All who have some interest in the history of Scotland should try to take a look into this unusual book. Born in France in 1842, the author spent most of his life at Inverewe, living the life of a highland laird. This area seems fairly in accessible even today, but then people thought little or nothing of sailing for days (no engine!) or just walking to the west coast from Inverness. Gaelic was the everyday language, not English. The lives of the ordinary inhabitants, winning a subsistence living from poor soils and the sea seems very hard by modern standards, but was compensated in some part by the values of a society in which few if any in need were abandoned.
Osgood Mackenzie was of course a member of the ‘elite’, but he too lived in a house lit by candles (although the first in the region to have a slate roof), with no local roads, no doctor (his mother played that role locally) and definitely no shops. Amongst a wealth of historical detail and descriptions of local life, he describes a sailing boat journey to the even remoter island of St. Kilda to carry supplies to the tenants and collect the tiny annual rents, which would not be undertaken lightly by a modern yachtsman with far better equipment!
One of his great passions was to fish the local lochs and rivers and shoot local game: it seems surprising that anything survived his efforts, considering the amount of powder and shot he seems to have expended. He left an enduring legacy, however, when he went on in his old age to establish the extraordinary sub-tropical gardens still maintained by the National Trust for Scotland at Poolewe. Go and visit them if you can, using the need to buy this book as an excuse!
A Hundred Years In The Highlands
Birlinn Ltd, 2007, ISBN 978-1874744290
(the illustration is the cover of an older edition, reprinted in 1956 by Butler and Tanner of Frome)
For the second week running I have a book by a local author in my hands. Sreyashi Ghosh has worked in various international organisations since completing her BA in Bangalore and has also worked as a freelance journalist for Inside Switzerland and Geneva Times. She is an artist too.
Ms Ghosh’s collection of poetry, My Soul on a Platter, was published in a beautifully crafted binding by Writers Workshop. It contains poems that recall her father and mother, some that explore her own feelings in relationships, her love, her hopes, her despair, but, for me, the most reminiscent are the ones connected with her travels.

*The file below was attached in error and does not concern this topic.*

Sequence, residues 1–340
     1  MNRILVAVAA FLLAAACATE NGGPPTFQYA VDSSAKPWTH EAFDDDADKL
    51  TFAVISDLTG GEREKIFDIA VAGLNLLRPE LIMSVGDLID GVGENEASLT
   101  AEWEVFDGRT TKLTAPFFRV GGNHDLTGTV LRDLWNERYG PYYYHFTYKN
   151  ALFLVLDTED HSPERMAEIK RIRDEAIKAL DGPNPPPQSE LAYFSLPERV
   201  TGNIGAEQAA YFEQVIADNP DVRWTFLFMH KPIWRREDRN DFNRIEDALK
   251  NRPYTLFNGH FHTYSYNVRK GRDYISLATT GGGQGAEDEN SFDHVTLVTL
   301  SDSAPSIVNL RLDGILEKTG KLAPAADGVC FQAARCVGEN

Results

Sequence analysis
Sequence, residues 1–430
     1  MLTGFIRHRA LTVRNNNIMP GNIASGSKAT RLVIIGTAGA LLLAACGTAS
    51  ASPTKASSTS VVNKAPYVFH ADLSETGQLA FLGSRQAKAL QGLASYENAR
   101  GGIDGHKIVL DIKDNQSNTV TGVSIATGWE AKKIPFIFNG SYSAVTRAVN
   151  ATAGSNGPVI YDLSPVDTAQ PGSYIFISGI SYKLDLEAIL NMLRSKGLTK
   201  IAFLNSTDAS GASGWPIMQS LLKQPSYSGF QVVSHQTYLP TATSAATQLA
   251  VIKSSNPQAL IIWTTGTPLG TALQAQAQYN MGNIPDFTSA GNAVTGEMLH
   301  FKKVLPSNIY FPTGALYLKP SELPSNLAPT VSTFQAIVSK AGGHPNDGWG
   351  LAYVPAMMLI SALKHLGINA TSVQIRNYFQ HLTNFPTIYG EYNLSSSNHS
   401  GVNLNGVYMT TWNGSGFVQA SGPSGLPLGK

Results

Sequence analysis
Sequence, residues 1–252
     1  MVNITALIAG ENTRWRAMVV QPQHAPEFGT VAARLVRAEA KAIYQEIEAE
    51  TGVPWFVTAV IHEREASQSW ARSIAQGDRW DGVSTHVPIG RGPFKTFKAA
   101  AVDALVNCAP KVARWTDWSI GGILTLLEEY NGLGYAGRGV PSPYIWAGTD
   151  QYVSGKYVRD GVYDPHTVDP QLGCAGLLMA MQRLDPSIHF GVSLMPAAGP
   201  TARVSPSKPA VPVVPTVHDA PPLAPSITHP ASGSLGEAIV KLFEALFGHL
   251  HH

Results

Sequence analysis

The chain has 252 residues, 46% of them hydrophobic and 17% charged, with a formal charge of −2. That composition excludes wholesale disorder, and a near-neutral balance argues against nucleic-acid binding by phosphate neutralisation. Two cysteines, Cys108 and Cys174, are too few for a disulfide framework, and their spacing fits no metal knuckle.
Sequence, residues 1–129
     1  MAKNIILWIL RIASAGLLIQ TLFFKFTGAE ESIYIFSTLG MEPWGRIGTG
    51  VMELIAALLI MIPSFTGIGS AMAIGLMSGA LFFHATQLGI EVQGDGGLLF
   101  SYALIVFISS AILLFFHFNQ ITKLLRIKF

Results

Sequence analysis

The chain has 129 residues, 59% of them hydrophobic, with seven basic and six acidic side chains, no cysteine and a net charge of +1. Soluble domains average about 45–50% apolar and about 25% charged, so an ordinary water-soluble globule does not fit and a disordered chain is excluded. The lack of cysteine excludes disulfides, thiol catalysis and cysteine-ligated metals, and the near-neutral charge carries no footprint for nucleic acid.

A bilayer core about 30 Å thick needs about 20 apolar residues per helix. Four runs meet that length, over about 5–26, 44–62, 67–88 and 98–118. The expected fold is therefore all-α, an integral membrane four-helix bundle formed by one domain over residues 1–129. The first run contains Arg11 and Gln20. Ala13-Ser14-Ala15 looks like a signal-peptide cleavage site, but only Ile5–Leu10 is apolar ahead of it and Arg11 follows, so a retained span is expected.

We find ourselves with her in Africa, reacting to the sky, the colours of the Masai warriors and the sunset. She moves to Haiti, evoking the situation of the people after the devastating hurricane.
Genocide: to the people of R contains the lines, Now freed from hate/ But willing to make peace/ This is a new world / Though weather-beaten / The survivors stand up / They fight back / With the beauty of love … This is Ms Ghosh’s voice talking of what she has witnessed.
However, for me the most striking poetry comes from Ms Ghosh’s Indian roots. Her Homecoming: Calcutta Snapshots is precisely that, and Calcutta wakens for us at dawn, Neon halogen street lamps / through misty winter mornings / Calcutta looks quaint and romantic / There is history smeared on all corners / From Princep Ghat to Park Street / With early morning walkers up for a stroll / Aroma of freshly made ‘kachoris’ and ‘jalebis’ / This is unique to Calcutta …
Perhaps the most moving poem of all is the last one in the collection, The return of the bride, where a joyous young bride is betrayed and rejected, her hopes dashed. This poetry crosses continents.
Sreyashi Ghosh’s art work incorporates the themes that interest her in her work, women’s rights and the colours of the international world she travels in.
This little volume, Sreyashi’s second, is available at the OffTheShelf bookshop for just 20.- They have a wide range of books in English and are well worth a visit. You can enjoy meeting authors who participate in readings and book signings.
Astronomy this week, as a change from books. We could hardly believe our eyes at 21.14 on October 18th when we glanced skywards. A brilliant light appeared just above the southern horizon and climbed steadily on a south-north orbit.
Soon we could distinguish a satellite, a sight we frequently see, but this one was trailing a cone-shaped tail of brightness and was at least twice as bright as the usual ones that cross the sky. The object travelling on the same orbit behind it was stunning – by far the brightest object in the sky. It, too was trailing a long bright, cone-shaped tail and an immense shining halo soon developed.
Pointless to rush indoors for a tripod and camera so we just gazed in amazement until the whole dazzling show disappeared over the northern horizon four minutes later. We wondered whether Tuesday’s press would be full of the occurrence.
But no! Complete silence. Were we the only people out that night? We began our researches and soon established that we had been fortunate enough to witness the upper stage of the launching of a US polar satellite the DMSP.F18. It had been launched from Vandenburg at 16.12 G.M.T. and we were amazingly lucky in that it was boosted into its orbit by an Atlas Centaur rocket right over our garden! The glowing halo which created a vast ‘moonbow’ was the excess fuel that is vented when the engine is fired to send the redundant Centaur upper stage out of the earth orbit.
This beat Halley’s comet hollow!
Before Christmas we were enthusiastic about Kindle. Amazon have currently sold out. I think that shows what a success their new device is proving to be. On their site there is now a video demonstration that tells us all about the E-book reader. How very clearly it is explained and how tempting! Take a look!